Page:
In "freely" and "managed" floating regimes, a loss in currency value is conventionally called a "depreciation", whereas an increase of currency's international value will be called "appreciation". If the dollar rise from 10 000 yen to 12 000 yen, then it has shown an appreciation of 20%. Symmetrically, the yen has undergone an 8.3% depreciation.
But central banks can also declare a fixed exchange rate, offering to supply or buy any quantity of domestic or foreign currencies at that rate. In this case, one talks of a "fixed exchange rate".
Under this regime, a loss of value, usually forced by market or a purposeful policy action, is called a "devaluation", whereas an increase of international value is a "revaluation".
The most stabile fixed exchange regimes are backed by an international agreement on respective currency values, often with a formal obligation of loans among central banks in case of necessity.
A "currency crisis" is a rupture of fixed exchange rates with an unwilling devaluation or even the end of that regime in favour of a floating exchange rate. It can dominate the attention of the public, policymakers and entrepreneurs, both in advance and after. For instance, people expecting a crisis can borrow inside the country, convert in a foreign currency, lend that money (e.g. by purchasing bonds). When the crisis comes, they sell the bonds, convert to the national currency, pay back their loans, and gain a hefty profit.
An extreme national engagement to fixed exchange rates is the transformation of the central bank in a mere "currency board" with no autonomous influence on monetary stock. The bank will automatically print or lend money depending on corresponding foreign currency reserves. Thus, exports, imports and capital inflows (e.g. FDI) will largely determine the monetary policy.
Monetary unions phase out the national currencies in favour of one (new or existing). Some further countries can target to join the union and put in place economic and financial policies to that aim, especially if there are explicit conditions for entering into that monetary area. Exiting a monetary union can provoke with large devaluation of the new national currency. Depending on trade elasticities, on foreign debt of the country, on how the exit is managed and on the overall institutional conditions, this can lead to massive internal poverty or a large export led-growth.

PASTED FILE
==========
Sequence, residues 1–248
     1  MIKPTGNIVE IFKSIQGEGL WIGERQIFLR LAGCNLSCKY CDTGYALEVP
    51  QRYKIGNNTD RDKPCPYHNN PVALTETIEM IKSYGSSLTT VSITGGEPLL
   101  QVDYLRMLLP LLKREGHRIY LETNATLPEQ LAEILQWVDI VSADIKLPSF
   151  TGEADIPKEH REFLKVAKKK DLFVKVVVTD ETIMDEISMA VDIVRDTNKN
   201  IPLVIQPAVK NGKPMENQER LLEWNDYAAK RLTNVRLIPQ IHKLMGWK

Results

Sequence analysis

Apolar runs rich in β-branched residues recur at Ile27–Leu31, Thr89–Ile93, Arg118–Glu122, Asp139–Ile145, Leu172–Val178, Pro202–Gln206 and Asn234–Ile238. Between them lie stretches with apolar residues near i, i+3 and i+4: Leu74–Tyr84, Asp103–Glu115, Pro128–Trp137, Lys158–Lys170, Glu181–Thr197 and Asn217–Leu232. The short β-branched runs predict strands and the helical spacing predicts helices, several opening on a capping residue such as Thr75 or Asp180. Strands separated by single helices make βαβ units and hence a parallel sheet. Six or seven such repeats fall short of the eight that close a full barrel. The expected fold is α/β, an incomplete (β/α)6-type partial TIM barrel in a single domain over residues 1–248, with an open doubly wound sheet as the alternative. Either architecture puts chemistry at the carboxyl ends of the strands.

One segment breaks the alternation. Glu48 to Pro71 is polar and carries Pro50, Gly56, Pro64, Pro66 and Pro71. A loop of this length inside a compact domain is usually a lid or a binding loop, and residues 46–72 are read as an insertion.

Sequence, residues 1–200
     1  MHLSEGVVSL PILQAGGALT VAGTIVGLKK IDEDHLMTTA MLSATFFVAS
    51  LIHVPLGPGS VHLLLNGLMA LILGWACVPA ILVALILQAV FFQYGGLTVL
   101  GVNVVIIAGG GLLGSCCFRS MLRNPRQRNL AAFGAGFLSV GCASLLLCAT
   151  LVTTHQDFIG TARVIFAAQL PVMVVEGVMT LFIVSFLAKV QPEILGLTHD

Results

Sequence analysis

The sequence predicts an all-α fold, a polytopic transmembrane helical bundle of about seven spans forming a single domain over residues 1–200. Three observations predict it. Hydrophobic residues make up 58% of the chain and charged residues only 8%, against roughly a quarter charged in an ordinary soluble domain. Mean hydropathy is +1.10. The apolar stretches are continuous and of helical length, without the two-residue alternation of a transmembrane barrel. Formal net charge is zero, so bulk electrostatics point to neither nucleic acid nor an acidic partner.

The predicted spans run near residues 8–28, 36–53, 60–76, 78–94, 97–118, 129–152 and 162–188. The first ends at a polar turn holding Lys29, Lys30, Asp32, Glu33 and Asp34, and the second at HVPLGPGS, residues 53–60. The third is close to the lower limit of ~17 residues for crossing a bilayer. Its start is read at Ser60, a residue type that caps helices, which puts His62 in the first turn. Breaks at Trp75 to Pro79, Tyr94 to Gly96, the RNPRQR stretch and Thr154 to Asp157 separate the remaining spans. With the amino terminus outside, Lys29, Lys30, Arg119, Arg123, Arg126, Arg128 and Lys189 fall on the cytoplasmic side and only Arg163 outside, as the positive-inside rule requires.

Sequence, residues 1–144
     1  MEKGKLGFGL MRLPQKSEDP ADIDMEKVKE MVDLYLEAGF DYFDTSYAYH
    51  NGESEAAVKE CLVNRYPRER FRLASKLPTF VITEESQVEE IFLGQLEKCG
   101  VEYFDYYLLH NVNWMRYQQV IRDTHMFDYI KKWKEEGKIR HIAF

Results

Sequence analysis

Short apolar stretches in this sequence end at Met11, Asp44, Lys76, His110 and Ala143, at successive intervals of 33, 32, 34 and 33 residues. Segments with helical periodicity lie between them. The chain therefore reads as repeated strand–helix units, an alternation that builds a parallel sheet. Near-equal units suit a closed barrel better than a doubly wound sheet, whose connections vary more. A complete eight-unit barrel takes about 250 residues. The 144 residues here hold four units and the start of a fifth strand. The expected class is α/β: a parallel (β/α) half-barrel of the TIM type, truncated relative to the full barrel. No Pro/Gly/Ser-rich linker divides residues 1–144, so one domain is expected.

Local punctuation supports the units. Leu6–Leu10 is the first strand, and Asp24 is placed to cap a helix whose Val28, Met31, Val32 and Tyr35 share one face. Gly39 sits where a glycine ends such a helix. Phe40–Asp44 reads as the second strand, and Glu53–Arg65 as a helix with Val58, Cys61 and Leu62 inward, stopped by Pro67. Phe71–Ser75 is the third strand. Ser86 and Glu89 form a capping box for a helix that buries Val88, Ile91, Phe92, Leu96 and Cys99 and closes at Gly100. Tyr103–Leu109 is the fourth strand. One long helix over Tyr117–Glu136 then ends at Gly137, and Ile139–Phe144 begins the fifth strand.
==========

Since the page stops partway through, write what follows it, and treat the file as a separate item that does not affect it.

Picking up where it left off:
Fixed exchange rates are chosen by central banks and they may turn out to be more or less accepted by financial markets.
Changes in floating rates or pressures on fixed rates will derive, as for other financial assets, from three broad categories of determinants:
i) variables on
the "real" side of the economy;
Let's see them separately for the case of the exchange rate.
A rising trade surplus will increase the demand for country's currency by foreigners, so that there should be a pressure for appreciation. A trade deficit should weaken the currency.
Were exports and imports largely determined by price competitiveness and were the exchange rate very reacting to trade unbalances, then any deficit would imply depreciation, followed by booming exports and falling imports. Thus, the initial deficit would be quickly reversed. Net trade balance would almost always be zero.
This is hardly the case in contemporary world economy. Trade unbalances are quite persistent, as you can verify with these real world data. Additionally, not so seldom, exchange rates go in the opposite direction than one would infer from trade balance only.
2. An even more radical form of real determination of exchange rate is offered by the "one price law", according to which any good has the same price worldwide, after taken into account nominal exchange rates. If a hamburger costs 3 US dollars in the United States and 30 000 yen in Japan, then the exchange rate must be 10 000 yen per dollar. The forex market would passively adjust to permit the functioning of the "one price law".